QUESTIONS are being asked about Towcester’s newest beauty spot as cattle churn up fields during the wet weather and chase off dog walkers as they rear new born calves.
Plough Inn landlord Nick Hastings has written to the management committee of Towcester Watermeadows after being chased off the public park while walking his dog.
The Watermeadows were turned into public park in 2010 as the first phase of the Moat Lane regeneration project and restoration for Bury mount. when they were bought from the Easton Neston Estate by South Northants Council and the West Northants Developments Corporation. A management committee was set up to oversee the park, including members and officers of the town and district councils, and members of the Towcester Wildlife Trust.
In the early stages it had been agreed cattle grazing would be used to help manage the site, with a two year review.
Mr Hastings, and other dog walkers, believe the balance between a grazing field and a public park has tipped in the wrong direction. Mr Hastings said the long spell of wet weather has resulted in cows gathering under trees along the public footpath, churning the mud, making them almost impassible.
He asked: “Do they want it to be a park or a field? I have been chased out twice this week. I just find it extraordinary they want to mix the two.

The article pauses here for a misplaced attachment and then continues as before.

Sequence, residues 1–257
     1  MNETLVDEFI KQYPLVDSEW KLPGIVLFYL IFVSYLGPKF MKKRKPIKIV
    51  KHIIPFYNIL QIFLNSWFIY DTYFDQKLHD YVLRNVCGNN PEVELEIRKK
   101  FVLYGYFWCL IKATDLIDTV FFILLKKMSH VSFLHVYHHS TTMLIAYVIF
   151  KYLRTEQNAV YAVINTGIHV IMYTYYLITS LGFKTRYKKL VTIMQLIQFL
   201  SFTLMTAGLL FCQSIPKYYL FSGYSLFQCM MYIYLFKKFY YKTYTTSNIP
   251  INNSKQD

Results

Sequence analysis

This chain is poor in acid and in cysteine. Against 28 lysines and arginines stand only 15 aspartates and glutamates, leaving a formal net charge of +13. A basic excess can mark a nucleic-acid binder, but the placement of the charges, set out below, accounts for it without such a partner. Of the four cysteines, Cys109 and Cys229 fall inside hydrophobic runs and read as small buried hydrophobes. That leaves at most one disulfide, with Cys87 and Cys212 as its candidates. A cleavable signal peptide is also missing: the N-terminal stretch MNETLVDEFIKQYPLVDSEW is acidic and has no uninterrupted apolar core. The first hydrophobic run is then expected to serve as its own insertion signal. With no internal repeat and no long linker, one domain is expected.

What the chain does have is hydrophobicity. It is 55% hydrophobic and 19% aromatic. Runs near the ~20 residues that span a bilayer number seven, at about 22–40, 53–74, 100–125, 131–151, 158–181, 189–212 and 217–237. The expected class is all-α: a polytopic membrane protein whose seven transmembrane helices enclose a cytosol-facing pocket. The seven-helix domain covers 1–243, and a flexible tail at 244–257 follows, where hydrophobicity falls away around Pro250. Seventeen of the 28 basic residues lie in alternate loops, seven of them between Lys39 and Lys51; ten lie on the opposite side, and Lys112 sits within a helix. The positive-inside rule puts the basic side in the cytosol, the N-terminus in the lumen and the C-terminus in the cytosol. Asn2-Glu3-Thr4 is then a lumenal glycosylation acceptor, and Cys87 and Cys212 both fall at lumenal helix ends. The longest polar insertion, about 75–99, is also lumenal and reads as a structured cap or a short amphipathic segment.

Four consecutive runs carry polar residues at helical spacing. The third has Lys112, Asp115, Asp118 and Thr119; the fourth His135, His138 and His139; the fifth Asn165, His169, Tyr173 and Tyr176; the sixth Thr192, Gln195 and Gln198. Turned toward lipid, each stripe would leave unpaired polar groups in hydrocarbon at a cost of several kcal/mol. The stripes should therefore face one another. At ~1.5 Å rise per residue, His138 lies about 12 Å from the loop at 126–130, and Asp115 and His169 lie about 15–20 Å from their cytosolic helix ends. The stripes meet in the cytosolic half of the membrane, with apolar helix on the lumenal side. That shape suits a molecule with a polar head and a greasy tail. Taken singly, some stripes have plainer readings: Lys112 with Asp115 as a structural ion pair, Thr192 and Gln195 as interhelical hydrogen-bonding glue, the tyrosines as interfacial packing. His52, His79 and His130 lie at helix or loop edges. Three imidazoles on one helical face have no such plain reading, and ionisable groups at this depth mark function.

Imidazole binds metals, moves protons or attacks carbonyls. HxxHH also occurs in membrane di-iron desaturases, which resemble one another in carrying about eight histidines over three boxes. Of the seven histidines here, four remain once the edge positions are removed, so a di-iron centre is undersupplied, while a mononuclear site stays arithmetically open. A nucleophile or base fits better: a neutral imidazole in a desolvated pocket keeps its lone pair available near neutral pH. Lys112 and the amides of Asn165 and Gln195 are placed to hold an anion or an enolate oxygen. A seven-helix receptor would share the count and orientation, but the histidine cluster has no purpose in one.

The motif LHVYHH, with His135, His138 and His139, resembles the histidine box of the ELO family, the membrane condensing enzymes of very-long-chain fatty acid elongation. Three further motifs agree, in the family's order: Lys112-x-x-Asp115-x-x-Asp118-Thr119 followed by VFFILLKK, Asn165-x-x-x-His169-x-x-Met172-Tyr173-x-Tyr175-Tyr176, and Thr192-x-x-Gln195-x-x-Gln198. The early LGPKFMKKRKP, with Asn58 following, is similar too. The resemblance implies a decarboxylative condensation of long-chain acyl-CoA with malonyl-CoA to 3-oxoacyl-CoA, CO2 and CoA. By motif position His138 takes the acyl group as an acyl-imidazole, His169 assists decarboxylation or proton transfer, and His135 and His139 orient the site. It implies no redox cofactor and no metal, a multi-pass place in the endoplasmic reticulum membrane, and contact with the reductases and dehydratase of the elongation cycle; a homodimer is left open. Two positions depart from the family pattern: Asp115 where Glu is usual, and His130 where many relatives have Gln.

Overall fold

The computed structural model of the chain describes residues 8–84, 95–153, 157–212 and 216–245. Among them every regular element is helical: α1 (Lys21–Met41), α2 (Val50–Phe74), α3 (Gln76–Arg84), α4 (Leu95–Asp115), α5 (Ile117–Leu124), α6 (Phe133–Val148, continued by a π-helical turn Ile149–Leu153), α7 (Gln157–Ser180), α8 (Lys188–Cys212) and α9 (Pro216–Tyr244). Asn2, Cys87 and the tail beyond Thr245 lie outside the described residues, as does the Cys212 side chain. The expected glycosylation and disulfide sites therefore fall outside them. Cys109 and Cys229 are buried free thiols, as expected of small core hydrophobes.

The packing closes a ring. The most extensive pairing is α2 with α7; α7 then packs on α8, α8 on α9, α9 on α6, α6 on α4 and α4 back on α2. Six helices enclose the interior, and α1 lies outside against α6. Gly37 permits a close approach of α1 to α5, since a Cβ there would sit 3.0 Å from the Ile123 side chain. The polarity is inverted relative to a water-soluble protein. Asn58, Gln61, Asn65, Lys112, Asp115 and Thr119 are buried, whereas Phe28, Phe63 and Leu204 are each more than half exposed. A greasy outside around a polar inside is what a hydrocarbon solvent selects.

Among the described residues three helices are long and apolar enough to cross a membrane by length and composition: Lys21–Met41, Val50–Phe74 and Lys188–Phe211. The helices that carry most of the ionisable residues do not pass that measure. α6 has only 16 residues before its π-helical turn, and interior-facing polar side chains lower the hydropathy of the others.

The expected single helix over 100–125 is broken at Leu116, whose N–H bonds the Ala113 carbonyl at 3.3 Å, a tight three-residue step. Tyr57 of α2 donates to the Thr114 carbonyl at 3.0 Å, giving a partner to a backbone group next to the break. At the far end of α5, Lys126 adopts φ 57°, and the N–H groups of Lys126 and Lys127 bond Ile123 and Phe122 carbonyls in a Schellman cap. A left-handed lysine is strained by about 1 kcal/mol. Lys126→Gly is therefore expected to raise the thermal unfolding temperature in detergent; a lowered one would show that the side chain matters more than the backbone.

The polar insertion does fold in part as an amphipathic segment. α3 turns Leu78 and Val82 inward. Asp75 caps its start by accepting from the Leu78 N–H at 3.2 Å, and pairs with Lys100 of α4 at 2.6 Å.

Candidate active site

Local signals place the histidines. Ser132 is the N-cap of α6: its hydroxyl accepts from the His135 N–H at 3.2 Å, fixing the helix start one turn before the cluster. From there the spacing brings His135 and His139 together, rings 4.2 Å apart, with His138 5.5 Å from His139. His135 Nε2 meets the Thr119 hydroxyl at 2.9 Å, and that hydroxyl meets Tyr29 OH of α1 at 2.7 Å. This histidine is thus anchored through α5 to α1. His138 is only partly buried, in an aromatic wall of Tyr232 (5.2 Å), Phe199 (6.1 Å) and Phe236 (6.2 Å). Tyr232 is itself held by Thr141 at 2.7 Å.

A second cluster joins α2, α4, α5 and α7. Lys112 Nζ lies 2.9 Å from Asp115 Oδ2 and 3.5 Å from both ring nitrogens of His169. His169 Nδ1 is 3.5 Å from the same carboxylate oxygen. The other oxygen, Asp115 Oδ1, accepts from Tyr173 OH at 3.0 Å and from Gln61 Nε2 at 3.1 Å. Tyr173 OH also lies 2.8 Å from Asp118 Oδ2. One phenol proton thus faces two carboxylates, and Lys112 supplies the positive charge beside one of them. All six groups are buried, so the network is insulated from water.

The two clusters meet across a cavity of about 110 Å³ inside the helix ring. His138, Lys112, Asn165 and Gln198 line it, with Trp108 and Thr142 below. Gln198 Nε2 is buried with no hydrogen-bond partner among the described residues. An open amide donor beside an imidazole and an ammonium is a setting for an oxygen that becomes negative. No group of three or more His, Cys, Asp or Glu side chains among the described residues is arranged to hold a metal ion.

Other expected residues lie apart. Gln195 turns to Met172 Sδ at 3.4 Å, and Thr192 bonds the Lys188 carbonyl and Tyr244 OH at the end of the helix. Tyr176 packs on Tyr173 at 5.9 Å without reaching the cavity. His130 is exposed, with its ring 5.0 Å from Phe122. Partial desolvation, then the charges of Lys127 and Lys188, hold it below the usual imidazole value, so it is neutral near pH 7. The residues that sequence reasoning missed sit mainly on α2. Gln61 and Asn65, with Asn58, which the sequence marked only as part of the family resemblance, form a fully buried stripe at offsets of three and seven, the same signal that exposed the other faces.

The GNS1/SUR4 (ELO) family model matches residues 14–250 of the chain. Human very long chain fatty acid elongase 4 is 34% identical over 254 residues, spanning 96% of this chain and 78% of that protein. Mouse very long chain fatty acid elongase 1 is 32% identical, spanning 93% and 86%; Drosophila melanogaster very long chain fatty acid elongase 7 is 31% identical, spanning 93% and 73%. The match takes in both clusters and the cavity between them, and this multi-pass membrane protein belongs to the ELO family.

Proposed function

“The answer is simple, tell the farmer to use a different field or put the cows in the field the other end. A lot of people have told me at the bar, especially women, they refuse to walk there because of the cows.”
Dog walker Jay Haycock said: “It is shame, it is a nice park. As a dog walker I’m more worried about my dog chasing the cows, but she’s alright with them.
“But it would be nice to see less cows, perhaps then we might see more families using the park for picnics.”
Committee member and Peter Allen said: “I’m sure it needs some tweeking, and may be the whole basis of how we run it changes. But personally I think we will lose something if it does. People complain about a barrier between town and country. Perhaps this shows some of the reality of a rural area.”
Rebecca Breese SNC’s, portfolio holder for planning and environment, said the management group have a plan in place which is reviewed regularly, that encourages a diversity of nature whilst allowing public access.
She added: “Within this plan the grassland is managed by allowing a local farmer to graze his sheep and cattle under licence, which is normal practice for an area such as this.
“As part of maintaining the watermeadows SNC has spent a total of £8,000 on tree maintenance, repairing bridges, gates and fencing in order to make this area available to the public.
“Dogs should be kept on a lead when livestock are grazing as stated on the information sign, and visitors should follow the countryside code.
“We have received so much positive feedback about the watermeadows, and I am sure that this summer many more people will enjoy spending time in such an idyllic spot.”